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Geochemical and microbiological fingerprinting of airborne dust that fell in Canberra, Australia in October 2002

Patrick De Deckker1, Raeid M. M. Abed2, Dirk de Beer2, Kai-Uwe Hinrichs3, Tadhg O'Loingsig4, Enno Schefuß3, Jan Berend Stuut3, Nigel J. Tapper4 and Sander van der Kaars5

1 Research School of Earth Sciences, The Australian National University, Canberra ACT 0200, Australia
2 Max Planck Institute for Marine Microbiology, Celsiusstraße 1, 28359 Bremen, Germany
3 Department of Geosciences & MARUM - Center for Marine Environmental Sciences, University of Bremen, D-28334 Bremen, Germany
4 School of Geography and Environmental Science, Monash University Vic 3800, Australia
5 Department of Palynology and Climate Dynamics, Albrecht-von-Haller-Institute for Plant Sciences, University of Göttingen, Untere Karspüle 2, 37073 Göttingen, Germany

Figure 1. (A) SeaWiFS satellite image 09:00 hours local eastern standard time (EST) on 23 October 2002 (taken from McTainsh et al., 2005), showing the main dust plume passing over eastern Australia (note the smoke plumes from bushfires in south east Queensland and central east NSW, which indicate wind directions at the time of the event), (B): 13:25 hours EST - MODIS colour-optimised Red-Green-Blue image and (C) processed with the Miller Dust Enhancement Algorithm.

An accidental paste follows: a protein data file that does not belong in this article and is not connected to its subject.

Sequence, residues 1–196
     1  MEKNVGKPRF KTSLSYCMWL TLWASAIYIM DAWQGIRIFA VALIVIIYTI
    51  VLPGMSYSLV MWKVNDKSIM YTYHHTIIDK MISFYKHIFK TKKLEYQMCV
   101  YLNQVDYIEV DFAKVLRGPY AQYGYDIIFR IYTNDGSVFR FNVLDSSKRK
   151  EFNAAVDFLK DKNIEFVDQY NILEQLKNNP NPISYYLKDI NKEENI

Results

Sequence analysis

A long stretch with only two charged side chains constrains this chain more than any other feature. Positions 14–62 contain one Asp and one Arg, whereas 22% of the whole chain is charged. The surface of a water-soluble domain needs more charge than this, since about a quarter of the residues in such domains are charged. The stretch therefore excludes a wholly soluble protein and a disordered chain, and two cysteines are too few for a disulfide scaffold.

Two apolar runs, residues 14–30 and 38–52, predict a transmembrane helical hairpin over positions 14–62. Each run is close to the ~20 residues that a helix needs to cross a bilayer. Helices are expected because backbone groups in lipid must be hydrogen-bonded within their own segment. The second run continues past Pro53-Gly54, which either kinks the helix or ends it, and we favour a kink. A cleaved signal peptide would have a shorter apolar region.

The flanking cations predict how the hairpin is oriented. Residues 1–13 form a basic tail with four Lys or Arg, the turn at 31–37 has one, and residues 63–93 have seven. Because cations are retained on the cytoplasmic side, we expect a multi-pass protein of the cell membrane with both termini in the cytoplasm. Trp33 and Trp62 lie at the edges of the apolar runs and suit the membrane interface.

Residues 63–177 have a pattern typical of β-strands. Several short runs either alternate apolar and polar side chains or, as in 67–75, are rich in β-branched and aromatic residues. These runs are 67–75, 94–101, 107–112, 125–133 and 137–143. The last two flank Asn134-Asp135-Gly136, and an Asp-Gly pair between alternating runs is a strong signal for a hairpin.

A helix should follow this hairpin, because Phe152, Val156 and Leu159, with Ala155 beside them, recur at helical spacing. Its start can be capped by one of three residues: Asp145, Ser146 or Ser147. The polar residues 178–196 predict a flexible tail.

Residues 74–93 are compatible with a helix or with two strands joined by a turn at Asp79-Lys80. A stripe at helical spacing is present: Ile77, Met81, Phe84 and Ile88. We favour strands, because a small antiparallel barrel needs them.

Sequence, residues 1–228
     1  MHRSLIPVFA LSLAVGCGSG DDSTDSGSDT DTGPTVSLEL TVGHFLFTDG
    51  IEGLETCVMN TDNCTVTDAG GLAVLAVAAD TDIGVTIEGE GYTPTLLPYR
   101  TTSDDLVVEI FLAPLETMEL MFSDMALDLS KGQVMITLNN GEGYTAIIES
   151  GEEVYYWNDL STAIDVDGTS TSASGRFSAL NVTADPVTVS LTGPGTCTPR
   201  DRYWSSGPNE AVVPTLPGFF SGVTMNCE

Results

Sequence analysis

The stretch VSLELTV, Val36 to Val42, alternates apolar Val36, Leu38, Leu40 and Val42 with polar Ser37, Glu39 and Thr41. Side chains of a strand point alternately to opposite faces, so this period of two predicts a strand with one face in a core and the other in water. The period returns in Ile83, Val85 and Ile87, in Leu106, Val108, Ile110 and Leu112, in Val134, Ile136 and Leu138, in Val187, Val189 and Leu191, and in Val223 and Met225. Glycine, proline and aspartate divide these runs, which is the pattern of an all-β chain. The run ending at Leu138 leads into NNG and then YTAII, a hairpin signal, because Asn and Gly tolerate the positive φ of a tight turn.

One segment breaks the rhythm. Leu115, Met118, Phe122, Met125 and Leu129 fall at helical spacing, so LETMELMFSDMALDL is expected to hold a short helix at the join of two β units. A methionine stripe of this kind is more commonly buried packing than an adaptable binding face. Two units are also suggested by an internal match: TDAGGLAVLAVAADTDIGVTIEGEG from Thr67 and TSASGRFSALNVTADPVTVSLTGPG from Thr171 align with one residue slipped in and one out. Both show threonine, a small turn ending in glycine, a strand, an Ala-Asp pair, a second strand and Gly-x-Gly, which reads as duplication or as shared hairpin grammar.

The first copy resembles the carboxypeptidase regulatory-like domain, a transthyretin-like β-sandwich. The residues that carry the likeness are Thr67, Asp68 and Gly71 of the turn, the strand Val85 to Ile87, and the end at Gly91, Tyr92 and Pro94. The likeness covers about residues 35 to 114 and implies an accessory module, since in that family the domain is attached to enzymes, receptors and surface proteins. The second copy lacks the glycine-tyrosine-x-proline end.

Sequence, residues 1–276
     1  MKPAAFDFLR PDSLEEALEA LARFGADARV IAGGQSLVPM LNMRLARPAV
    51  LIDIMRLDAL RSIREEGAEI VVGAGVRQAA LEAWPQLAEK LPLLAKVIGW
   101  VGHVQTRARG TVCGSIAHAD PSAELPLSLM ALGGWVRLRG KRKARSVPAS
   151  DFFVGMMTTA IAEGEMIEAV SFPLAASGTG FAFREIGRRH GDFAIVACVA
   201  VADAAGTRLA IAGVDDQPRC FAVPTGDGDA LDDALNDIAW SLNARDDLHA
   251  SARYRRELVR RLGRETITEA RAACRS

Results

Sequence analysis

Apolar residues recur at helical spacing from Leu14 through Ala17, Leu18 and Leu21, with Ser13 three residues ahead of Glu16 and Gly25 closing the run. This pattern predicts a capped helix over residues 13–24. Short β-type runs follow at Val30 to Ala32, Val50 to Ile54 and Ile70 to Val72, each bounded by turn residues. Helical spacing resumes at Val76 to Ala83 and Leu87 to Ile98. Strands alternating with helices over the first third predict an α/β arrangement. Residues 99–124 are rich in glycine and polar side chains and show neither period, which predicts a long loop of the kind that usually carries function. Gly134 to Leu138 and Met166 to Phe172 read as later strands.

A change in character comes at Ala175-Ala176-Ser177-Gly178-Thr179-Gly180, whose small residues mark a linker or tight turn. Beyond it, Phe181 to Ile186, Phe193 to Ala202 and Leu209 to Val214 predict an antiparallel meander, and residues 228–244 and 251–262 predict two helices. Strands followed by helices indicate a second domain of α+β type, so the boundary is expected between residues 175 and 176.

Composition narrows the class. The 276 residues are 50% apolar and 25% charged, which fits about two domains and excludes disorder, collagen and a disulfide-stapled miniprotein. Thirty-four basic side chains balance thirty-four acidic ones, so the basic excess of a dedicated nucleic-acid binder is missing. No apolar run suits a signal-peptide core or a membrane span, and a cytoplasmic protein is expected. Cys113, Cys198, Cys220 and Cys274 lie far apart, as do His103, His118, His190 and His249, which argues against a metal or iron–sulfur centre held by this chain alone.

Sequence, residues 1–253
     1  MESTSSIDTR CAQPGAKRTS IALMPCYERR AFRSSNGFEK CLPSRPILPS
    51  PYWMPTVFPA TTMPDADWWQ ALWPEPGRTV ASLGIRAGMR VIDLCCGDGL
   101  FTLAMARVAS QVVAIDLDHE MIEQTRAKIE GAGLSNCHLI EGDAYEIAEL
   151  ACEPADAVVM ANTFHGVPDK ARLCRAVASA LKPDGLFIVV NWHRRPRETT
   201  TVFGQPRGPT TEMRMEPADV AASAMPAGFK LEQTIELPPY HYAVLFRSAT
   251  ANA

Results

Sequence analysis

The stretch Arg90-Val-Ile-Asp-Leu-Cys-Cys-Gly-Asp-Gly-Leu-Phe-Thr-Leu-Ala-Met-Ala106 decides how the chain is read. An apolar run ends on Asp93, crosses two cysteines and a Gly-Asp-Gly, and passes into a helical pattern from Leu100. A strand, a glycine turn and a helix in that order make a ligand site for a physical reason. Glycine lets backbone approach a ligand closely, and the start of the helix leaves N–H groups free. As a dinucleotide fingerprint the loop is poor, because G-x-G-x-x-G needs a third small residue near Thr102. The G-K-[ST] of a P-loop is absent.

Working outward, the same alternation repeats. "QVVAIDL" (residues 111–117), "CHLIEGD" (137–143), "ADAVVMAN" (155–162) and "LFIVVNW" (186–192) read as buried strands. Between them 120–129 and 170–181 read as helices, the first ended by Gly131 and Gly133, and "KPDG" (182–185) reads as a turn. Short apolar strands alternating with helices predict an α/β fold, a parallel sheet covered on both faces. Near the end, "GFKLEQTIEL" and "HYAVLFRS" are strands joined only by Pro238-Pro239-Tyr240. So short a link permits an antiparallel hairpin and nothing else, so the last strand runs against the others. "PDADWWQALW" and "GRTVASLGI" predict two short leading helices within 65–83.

During the night of October 22-23, 2002, a large amount of airborne dust fell with rain over Canberra, located some 200 km from Australia's east coast, and at an average altitude of 650m. It is estimated that during that night about 6 g.m-2 of aeolian dust fell. We have conducted a vast number of analyses to "fingerprint" some of the dust and used the following techniques: grain size analysis, SEM imagery, major, trace and rare earth elemental, plus Sr and Nd isotopic analyses, organic compound analyses with respective compound-specific isotope analyses, pollen extraction to identify the vegetation sources, molecular cloning of 16S rRNA genes in order to identify dust bacterial composition. DNA analyses show that most obtained 16S rRNA sequences belong mainly to three groups: Proteobacteria (25%), Bacteriodetes (23%), and gram-positive bacteria (23%).

In addition, we investigated the meteorological conditions that led to the dust mobilisation and transport using model and satellite data. Grain sizes of the mineral dust show a bimodal distribution typical of proximal dust, rather than what is found over oceans, and the bimodal aspect of size distribution confirms wet deposition by rain droplets. The inorganic geochemistry points to a source along/near the Darling River in NW New South Wales, a region that is characteristically semi-arid, and both the organic chemistry and palynoflora of the dust confirm the location of this source area. Meteorological reconstructions of the event again clearly identify the area near Bourke-Cobar as being the source of the dust. This study paves the way for determining the export of Australian airborne dust both in the oceans and other continents.


De Deckker, P., R. M. M. Abed, D. de Beer, K. Hinrichs, T. O'Loingsigh, E. Schefuß, J. W. Stuut, N. J. Tapper, and S. van der Kaars, 2008, Geochemical and microbiological fingerprinting of airborne dust that fell in Canberra, Australia, in October 2002, Geochem Geophys. Geosyst., 9, Q12Q10, doi:10.1029/2008GC002091.